Cryptocurrency futures trading volumes have now outpaced spot markets on Binance, according to a report issued by the company.
Users Turn to Futures on Binance
The report, titled “Leverage and Derivatives: Overview of Binance Futures in 2019,” details the success of the Binance Futures offering since it was launched in September last year. Futures now account for around 75% of the total Bitcoin (BTC) market volume traded on the exchange.
Binance was a relatively late entrant to the crypto-derivatives markets, at least compared to rival exchanges such as OKEx and Huobi, which started offering futures contracts from 2017 and 2018, respectively. By the time Binance entered, these two exchanges already accounted for 76 percent of all crypto-derivatives trading.
Nevertheless, in the four months since launching Binance futures, the trading giant has made significant headway in the crypto-derivatives space. The report claims that market share has grown from 2.5 percent in September to 13.7 percent in November.
However, the fact that derivatives trading now outperforms the spot markets by threefold is perhaps the most intriguing data presented in the report.
Charts show BTC futures dominate 75 percent of overall trading, while Ether (ETH) and Bitcoin Cash futures account for around 50 percent and 67 percent of their markets, respectively.
Not a Global Trend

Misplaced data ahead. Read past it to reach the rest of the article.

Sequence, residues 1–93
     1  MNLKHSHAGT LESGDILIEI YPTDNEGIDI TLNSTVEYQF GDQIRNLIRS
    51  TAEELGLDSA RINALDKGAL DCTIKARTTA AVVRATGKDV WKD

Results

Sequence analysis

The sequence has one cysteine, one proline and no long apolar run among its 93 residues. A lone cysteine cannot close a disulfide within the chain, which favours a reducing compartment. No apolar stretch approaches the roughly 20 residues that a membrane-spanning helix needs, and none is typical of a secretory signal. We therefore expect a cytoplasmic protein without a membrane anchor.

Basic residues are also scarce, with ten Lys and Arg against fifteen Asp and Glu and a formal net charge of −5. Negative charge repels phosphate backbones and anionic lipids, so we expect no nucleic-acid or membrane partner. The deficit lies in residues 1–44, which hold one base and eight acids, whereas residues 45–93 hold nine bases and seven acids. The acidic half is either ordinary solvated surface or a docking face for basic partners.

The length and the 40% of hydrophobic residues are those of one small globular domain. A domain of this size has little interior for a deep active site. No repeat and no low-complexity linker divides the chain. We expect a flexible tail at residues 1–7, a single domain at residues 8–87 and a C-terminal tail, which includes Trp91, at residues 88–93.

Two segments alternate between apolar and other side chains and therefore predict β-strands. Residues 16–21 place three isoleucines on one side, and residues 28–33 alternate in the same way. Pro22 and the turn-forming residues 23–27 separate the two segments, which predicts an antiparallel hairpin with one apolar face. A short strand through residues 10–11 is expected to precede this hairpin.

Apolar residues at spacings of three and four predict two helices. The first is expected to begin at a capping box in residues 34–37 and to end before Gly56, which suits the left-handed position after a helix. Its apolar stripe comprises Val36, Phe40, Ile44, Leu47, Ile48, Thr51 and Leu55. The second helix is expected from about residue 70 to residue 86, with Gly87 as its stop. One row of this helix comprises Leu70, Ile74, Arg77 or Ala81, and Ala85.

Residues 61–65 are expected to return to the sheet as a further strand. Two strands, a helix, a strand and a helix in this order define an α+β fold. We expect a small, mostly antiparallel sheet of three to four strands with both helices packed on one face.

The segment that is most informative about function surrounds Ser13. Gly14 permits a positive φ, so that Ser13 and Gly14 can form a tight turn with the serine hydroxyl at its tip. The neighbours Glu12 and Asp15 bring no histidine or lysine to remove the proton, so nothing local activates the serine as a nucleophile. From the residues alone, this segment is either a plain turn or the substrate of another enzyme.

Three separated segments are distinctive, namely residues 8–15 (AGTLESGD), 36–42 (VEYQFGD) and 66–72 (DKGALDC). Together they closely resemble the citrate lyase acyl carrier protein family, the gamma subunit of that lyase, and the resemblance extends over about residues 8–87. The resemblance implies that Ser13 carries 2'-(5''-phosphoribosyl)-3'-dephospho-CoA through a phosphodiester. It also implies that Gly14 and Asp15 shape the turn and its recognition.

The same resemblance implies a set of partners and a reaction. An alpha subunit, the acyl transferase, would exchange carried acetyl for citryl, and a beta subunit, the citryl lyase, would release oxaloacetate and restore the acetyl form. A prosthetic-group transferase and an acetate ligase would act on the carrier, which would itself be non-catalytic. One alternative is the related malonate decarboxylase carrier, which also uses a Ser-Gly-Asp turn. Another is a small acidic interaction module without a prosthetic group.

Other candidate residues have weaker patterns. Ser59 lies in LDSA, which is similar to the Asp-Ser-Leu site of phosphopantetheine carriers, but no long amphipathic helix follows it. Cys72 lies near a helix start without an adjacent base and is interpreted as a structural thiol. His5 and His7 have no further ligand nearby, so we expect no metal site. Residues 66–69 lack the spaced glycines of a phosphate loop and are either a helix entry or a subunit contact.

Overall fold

In the broader cryptocurrency markets, trading volumes of crypto-derivatives have also increased rapidly over the past year or so, but not yet to the extent of outperforming the spot markets.
According to data aggregated by Skew, Jan. 8 was the highest-volume trading day for BTC futures in the past month, with trading volumes exceeding $22bn across all exchanges. On the same day in the spot markets, BTC trading volume didn’t fall below $28bn, according to CoinMarketCap.
So why is futures trading on Binance apparently proving more attractive than spot trading?
One reason could be that Binance offers higher leverage than many other platforms. In October, Binance upped the ante against its rivals by introducing 125x leverage on its BTC contracts. At that time, BTC futures saw a steep increase from 50 percent to 70 percent of total volume traded.
A tweet shared by Skew earlier today appears to back this theory, indicating a steep drop in trading volumes on Bitflyer after the exchange reduced limits on leveraged trading in May last year. The move came as a result of pressure from Japan’s FSA.
Volumes are mostly a function of leverage – see what Bitflyer’s did last year when the FSA reduced max leverage from 15x to 4x on the 28th of May pic.twitter.com/eGa9VCFiKx
— skew (@skewdotcom) January 13, 2020
British regulators have also expressed concerns about the risk created via high leveraged trading. This resulted in Kraken Futures imposing a 2x leverage limit on retail traders located in the U.K.